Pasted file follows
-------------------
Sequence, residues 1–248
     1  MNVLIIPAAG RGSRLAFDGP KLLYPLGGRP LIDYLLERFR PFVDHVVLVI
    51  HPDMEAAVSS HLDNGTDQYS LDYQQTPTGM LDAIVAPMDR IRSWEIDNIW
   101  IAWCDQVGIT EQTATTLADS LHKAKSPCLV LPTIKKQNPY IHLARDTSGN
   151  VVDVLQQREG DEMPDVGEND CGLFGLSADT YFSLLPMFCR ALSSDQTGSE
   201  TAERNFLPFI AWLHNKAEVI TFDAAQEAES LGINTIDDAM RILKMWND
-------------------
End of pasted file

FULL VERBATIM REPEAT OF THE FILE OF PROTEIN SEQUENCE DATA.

Sequence, residues 1–248
     1  MNVLIIPAAG RGSRLAFDGP KLLYPLGGRP LIDYLLERFR PFVDHVVLVI
    51  HPDMEAAVSS HLDNGTDQYS LDYQQTPTGM LDAIVAPMDR IRSWEIDNIW
   101  IAWCDQVGIT EQTATTLADS LHKAKSPCLV LPTIKKQNPY IHLARDTSGN
   151  VVDVLQQREG DEMPDVGEND CGLFGLSADT YFSLLPMFCR ALSSDQTGSE
   201  TAERNFLPFI AWLHNKAEVI TFDAAQEAES LGINTIDDAM RILKMWND